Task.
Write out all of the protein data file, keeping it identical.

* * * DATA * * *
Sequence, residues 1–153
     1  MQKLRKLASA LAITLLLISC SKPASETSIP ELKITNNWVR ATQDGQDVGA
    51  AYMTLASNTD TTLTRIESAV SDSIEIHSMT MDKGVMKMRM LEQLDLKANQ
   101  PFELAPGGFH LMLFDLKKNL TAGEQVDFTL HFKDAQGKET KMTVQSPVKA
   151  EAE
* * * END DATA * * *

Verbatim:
Sequence, residues 1–153
     1  MQKLRKLASA LAITLLLISC SKPASETSIP ELKITNNWVR ATQDGQDVGA
    51  AYMTLASNTD TTLTRIESAV SDSIEIHSMT MDKGVMKMRM LEQLDLKANQ
   101  PFELAPGGFH LMLFDLKKNL TAGEQVDFTL HFKDAQGKET KMTVQSPVKA
   151  EAE